Extended Team Model (ETM) is an emerging mode of arrangement for Global Software Development (GSD). As described in one of my previous post, ETM is a customized offshore outsourcing model aimed at building an extended arm of a client by having access to software development resources of a vendor, usually located offshore, by forming a partnership. Like any other kind of GSD arrangement, ETM can also be characterized by certain types of structures (i.e., social, communication, and work). Appropriate nature and alignment among these structures are expected to ease collaboration and communication challenges. However, our research is based on more strong assertion about the potential of appropriate social structure for easing coordination and collaboration challenges. As the social networking and social structures are gaining significant attention in GSD, we are very much interested in empirically and systematically exploring the role of social structures in encouraging collaborative behaviors in an ETM-based GSD engagement. Social Structure represents the formal or informal social networks (i.e., ties and interactions) that may exist within a project or an organization. Our initial findings from a case study of ETM have shown very promising results. Whilst we are still performing an in-depth analysis of the data gathered using qualitative data gathering approaches, the preliminary results (CHASE 2013 Paper) have enabled us to assert that the existence of strong social networks can help people to better collaborate on their work activities and share knowledge. When people know each other they are more likely to emotionally feel close to each other and can be more comfortable to share relevant information. These initial findings have led us to state that it is important for managers to identify and understand the mechanisms that are suitable for building and leveraging social capitals when forming GSD teams. Our research mainly driven by Mansooreh Zahedi and I has started focusing on understanding how organizations, teams, and people build social ties, which are the building blocks of social structures, and leverage them to coordination and collaboration during different phases of software development lifecycle. Our assertion about the critical role of appropriate social structures for easing collaboration and coordination challenges is irrespective of software development model (e.g., waterfall or agile) being used.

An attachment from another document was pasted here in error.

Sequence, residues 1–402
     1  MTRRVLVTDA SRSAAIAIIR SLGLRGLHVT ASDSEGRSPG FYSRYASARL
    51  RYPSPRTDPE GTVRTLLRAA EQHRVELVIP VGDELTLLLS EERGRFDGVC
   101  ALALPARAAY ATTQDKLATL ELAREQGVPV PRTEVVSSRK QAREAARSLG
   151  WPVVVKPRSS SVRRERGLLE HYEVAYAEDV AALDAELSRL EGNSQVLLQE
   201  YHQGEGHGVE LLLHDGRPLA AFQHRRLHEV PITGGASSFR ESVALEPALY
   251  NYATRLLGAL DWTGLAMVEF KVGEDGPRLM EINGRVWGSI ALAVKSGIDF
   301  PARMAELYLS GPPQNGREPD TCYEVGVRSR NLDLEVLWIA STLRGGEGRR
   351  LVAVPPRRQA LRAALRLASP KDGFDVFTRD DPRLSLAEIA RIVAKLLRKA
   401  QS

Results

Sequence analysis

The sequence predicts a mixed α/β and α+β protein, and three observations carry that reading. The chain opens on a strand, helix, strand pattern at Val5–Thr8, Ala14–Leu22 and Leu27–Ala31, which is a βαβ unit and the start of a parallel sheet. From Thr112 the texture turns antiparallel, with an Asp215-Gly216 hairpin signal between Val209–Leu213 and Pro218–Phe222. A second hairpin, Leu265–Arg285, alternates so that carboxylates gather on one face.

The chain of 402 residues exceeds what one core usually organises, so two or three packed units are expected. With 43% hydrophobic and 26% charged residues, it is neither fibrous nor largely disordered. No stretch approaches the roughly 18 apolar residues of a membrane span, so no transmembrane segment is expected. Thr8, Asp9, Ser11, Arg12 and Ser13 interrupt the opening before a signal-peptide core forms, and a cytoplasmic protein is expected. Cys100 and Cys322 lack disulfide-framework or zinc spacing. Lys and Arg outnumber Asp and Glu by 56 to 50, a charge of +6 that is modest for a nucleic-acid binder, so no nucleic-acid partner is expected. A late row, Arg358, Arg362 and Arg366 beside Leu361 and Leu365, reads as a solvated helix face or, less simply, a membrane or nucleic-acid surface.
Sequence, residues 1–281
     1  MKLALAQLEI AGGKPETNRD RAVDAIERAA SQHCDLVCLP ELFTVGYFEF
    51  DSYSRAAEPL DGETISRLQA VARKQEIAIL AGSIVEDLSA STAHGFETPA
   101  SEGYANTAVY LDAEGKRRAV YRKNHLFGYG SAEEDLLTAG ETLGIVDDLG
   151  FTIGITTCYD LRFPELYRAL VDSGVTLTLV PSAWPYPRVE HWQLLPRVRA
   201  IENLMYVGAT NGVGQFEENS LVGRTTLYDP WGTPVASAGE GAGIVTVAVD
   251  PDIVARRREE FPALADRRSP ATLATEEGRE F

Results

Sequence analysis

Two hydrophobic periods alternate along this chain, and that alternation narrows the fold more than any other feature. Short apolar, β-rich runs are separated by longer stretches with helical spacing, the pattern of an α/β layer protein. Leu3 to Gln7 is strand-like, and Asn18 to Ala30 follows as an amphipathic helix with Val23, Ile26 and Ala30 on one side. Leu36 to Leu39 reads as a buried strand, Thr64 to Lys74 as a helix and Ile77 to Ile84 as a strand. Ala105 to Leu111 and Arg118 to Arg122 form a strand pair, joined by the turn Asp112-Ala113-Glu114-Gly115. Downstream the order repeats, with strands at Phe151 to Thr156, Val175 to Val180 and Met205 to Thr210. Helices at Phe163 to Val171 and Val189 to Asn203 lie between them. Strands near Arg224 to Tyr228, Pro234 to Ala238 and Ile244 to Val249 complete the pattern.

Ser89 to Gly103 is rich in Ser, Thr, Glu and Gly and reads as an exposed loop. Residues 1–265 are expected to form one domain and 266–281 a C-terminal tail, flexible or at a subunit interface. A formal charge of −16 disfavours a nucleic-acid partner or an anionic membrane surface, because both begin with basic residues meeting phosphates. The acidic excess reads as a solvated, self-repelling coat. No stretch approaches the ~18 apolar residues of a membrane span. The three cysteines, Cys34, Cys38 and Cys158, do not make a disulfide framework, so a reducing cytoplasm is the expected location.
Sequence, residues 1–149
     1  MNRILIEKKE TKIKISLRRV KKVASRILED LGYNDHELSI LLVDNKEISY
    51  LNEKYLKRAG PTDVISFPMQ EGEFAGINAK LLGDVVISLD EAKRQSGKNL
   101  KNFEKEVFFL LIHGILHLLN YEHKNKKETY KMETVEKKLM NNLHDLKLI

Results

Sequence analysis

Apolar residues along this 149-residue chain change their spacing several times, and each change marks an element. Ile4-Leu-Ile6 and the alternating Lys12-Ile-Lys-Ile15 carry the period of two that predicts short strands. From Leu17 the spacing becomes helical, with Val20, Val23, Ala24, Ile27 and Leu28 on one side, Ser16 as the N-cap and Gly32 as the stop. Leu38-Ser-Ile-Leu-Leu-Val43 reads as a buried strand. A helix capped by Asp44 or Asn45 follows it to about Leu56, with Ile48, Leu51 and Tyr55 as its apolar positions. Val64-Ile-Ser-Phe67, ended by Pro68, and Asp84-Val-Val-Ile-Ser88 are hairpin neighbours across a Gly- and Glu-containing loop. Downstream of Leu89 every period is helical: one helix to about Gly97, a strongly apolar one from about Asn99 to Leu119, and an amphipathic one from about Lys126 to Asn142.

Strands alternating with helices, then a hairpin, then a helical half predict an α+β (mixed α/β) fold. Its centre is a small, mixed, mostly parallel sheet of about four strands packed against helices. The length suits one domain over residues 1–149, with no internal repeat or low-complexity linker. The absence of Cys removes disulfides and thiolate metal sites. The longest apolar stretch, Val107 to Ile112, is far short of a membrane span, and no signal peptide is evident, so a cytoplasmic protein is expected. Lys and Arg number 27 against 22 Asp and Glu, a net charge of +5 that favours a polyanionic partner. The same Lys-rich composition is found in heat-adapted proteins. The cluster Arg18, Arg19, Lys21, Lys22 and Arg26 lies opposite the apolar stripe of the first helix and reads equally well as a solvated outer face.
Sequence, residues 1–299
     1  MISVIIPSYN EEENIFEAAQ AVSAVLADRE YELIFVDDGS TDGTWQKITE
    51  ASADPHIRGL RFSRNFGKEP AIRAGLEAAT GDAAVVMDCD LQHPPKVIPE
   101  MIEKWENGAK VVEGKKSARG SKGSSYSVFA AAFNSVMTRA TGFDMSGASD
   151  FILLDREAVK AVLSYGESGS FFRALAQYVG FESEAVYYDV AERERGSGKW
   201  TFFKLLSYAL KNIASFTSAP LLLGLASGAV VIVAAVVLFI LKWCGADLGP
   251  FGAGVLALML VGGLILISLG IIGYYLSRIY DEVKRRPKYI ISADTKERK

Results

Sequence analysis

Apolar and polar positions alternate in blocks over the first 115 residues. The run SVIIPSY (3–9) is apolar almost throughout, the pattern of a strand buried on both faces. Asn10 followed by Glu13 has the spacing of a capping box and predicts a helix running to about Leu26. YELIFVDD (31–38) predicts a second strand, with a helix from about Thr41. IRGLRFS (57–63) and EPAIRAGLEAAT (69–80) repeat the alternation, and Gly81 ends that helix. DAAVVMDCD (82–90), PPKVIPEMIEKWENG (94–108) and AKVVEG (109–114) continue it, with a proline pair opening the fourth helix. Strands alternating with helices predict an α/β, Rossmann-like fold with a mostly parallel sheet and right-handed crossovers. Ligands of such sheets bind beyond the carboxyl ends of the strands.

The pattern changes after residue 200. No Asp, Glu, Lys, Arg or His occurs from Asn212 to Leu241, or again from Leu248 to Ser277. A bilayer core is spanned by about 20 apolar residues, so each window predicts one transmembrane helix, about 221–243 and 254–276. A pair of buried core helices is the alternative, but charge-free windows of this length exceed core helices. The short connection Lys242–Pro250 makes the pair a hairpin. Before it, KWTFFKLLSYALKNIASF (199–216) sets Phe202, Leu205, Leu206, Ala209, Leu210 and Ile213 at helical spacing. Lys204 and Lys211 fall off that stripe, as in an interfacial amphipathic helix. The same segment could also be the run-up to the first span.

We have coined the term Collaborative Social Networks (CSN) which are expected to help managers and software development teams to overcome many of the most commonly known challenges of GSD. Our model of CSN will enable organizations, teams, and people to assess the appropriateness of their social structures and pinpoint the areas which need improvements for seeking optimal results. We will also develop a set of requirements for guiding the manager to choose or build appropriate tools for building and leverage CSN for supporting GSD teams.